Harriet Lee’s gingerbread was borne out of similar necessity: It’s one of her family’s “lean-year recipes,” which “are all about minimizing waste and making that which is indigestible just about edible.” That is, they used ginger, cloves, nutmeg, and cinnamon to disguise blighted rye. “Gingerbread made the difference between choking down risk and swallowing it gladly,” Oyeyemi writes. Like everything, gingerbread is subject to capitalism, its value dependent on who’s buying, bartering, and selling — and where. (Oyeyemi described this as the novel’s “kind of neoliberalist problem” in a recent interview.) In Druhástrana, the gingerbread farm, operated by underage labor, seems to promise immense wealth — its customers willing to pay for the experience of this “authenticity theme park” where gingerbread’s worth determined in part by the story attached to it — but Harriet soon learns her wages have been paid out in counterfeit bills. Later, Harriet and the other gingerbread farm girls bake gingerbread shivs to use against their enemies, demonstrating the peril that bubbles beneath the farm’s wholesome surface; the risk is still there — it’s just made palatable with dashes of spices and sugar.
Even Hansel and Gretel’s house in the forest, while warm and enticing at first, turns menacing: A witch lives inside, and she’d like nothing more than to fatten up these two kids and boil them whole. A gingerbread house is sort of like “a trick of the light,” Oyeyemi said — look at it one way, and it offers safe harbor; another, and it’s certain death. (Druhástrana, the Lees’ home country, is sort of like a gingerbread house, too: Denied diplomatic recognition, its fictional Wikipedia page in the book describes it as “an alleged nation state of indeterminable geographic location.” It’s there, but only if you look at it just right.) In the Grimm tale, Hansel and Gretel follow a trail of breadcrumbs out of the forest to their salvation; in Gingerbread, the gingerbread ushers Perdita Lee back to Druhástrana, and by the end of the novel, a gingerbread house, “straight out of a story,” has surfaced in the middle of a field in Korea. The gingerbread is both the house and the breadcrumb trail, the destination and the map there.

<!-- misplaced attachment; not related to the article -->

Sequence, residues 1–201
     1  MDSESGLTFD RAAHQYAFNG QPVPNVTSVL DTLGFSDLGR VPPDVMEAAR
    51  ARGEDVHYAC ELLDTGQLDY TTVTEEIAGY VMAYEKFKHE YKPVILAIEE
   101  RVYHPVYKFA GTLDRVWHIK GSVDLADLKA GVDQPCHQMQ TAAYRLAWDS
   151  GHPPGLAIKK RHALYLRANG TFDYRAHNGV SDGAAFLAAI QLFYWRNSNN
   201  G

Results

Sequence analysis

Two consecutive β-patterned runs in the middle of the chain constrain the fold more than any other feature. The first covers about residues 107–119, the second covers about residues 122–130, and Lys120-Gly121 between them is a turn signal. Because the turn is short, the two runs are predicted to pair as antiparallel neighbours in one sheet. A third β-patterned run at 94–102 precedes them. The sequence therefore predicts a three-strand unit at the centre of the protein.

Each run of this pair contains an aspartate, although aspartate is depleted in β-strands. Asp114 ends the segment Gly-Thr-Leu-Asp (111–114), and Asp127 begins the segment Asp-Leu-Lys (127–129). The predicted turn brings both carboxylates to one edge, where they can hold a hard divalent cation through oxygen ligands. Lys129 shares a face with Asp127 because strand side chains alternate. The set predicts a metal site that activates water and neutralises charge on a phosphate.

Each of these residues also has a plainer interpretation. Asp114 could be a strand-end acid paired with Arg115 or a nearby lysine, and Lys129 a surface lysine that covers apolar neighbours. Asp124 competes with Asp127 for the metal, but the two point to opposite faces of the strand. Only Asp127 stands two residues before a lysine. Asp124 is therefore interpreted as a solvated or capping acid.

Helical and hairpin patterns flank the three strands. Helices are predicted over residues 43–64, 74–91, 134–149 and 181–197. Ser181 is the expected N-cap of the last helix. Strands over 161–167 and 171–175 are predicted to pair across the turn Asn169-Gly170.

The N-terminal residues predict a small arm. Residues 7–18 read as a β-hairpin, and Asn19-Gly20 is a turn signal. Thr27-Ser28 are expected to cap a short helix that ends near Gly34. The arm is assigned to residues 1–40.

“They say there’s no story here, but there is,” one character tells Harriet midway through Gingerbread. She’s talking about an abandoned well, but as the novel itself demonstrates, everything has a story — including gingerbread. It’s been the centerpiece for so many stories, but gingerbread’s role in those tales evolves with its telling, often used as a repository that can be filled with whatever narrative its context demands. Its meaning, like Harriet Lee’s gingerbread recipe, is mutable: It’s luxury and modesty, horror and comfort, a recipe for the lean years and for the plentiful ones, nourishing and toxic, “enticing and repulsive at the same time,” Oyeyemi said during a reading at Brooklyn’s Greenlight Bookstore in early March. It can be the thing, and its inverse.
“Everything has changed except the gingerbread,” Harriet thinks, “which is both trick and treat.” It just depends on who’s telling the story.
Katherine Cusumano is a Brooklyn-based writer, editor, and cherry pie enthusiast whose work has appeared in Edible Queens, Literary Hub, Bon Appétit, and others.
Carolyn Figel is a freelance artist living in Brooklyn.
Fact-checker: Dawn Mobley
Editor: Erin DeJesus